As It Happens

Russian journalist worries he could be branded a 'foreign agent' under new law

It's already hard enough being a journalist in Russia, but now Andrei Soldatov has to worry about being branded a "foreign agent" in his own country. 

Reporters, bloggers, even everyday Russians using the internet could be targeted

Andrei Soldatov is an independent journalist and author in Moscow. (Alexander Zemlianichenko/The Associated Press)
Listen6:26

Transcript

It's already hard enough being a journalist in Russia, but now Andrei Soldatov has to worry about being branded a "foreign agent" in his own country. 

Russian President Vladimir Putin signed a bill into law Monday that gives the government the right to register bloggers, journalists and social media users as "foreign agents."

The law applies to anyone who receives payment from abroad, or distributes content produced by media outlets registered as foreign agents under an existing law. 

Soldatov, Moscow-based journalist and author whose work is often published in the U.S., spoke to As It Happens host Carol Off about what the law means for him and his colleagues. He is the editor of Agentura.ru and co-author of The Compatriots: The Brutal and Chaotic History of Russia's Exiles, Émigrés, and Agents Abroad.

Here is part of their conversation. 

How might this new law affect you?

They could use this law to attack me and other independent journalists and to brand us as foreign agents. 

And then what happens to you after ... you're listed as a foreign agent in your country working as a journalist? 

My publications … should have this byline that I am registered as a foreign agent so that the public would not be put in [the] dark about my true loyalties. That's supposed to be the goal of this law. 

Also, I should be registered with the Russian [ministry] of justice, and then it's not absolutely clear what might happen next.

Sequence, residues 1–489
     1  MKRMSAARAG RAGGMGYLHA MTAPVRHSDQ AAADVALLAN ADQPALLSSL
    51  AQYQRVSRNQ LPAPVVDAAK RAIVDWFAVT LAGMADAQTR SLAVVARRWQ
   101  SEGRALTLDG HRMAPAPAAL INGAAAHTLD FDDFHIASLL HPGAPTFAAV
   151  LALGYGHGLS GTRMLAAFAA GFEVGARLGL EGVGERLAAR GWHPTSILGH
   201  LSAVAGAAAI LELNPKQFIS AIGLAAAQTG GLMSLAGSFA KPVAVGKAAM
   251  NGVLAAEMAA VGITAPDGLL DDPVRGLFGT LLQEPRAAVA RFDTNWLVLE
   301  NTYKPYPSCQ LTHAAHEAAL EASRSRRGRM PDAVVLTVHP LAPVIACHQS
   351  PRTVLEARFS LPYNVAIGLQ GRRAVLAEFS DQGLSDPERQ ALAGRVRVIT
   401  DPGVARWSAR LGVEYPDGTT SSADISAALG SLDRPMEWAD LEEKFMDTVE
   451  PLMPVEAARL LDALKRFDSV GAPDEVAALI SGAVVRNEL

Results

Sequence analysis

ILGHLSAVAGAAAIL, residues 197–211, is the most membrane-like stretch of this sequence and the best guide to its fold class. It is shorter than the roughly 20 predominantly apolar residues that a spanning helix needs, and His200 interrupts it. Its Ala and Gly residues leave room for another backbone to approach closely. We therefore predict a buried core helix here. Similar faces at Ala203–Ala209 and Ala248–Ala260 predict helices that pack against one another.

Probably I would [have] to provide my financial information and to provide everything about my relationship with foreign media to a special federal agency. At least that's what's going on there for the organizations which are branded foreign agents right now. 

Russian President Vladimir Putin has has signed a bill into law that gives the government the right to register bloggers, journalists and social media users as foreign agents. (Antti Aimo-Koivisto/Lehtikuva/The Associated Press)

There are, I understand, nine news organizations already on this foreign agents list, and that includes Voice of America .... and they're funded by the United States government. So what do you think is now the push behind this latest law that would actually sweep up people like you? 

The idea of this law is that I should not be necessarily paid by these organizations. 

And if I, say, tweet or just post some information which was previously published by one of the news organizations on the list, say Radio Free Europe, that could put me in a position that the government would request me to go and register as a foreign agent.

Just one retweet would be enough.

And what happens if you don't do that, if you don't list yourself as a foreign agent? 

I could be fined. But it's not only about fines. Right now we have another legislation under consideration [under which] a foreign agent or someone who failed to get registered as a foreign agent, he could be arrested up to 15 days. And that could be just the beginning.

Why do you think Vladimir Putin is doing this right now? 

To be honest, he perfectly understands that we have a lot of people in Russia who want to, say, blame all our problems on some outside forces. 

It would give some ammunition to people who think that … bad news or critical reporting on what the Kremlin's doing is paid and financed and orchestrated by some hostile forces abroad.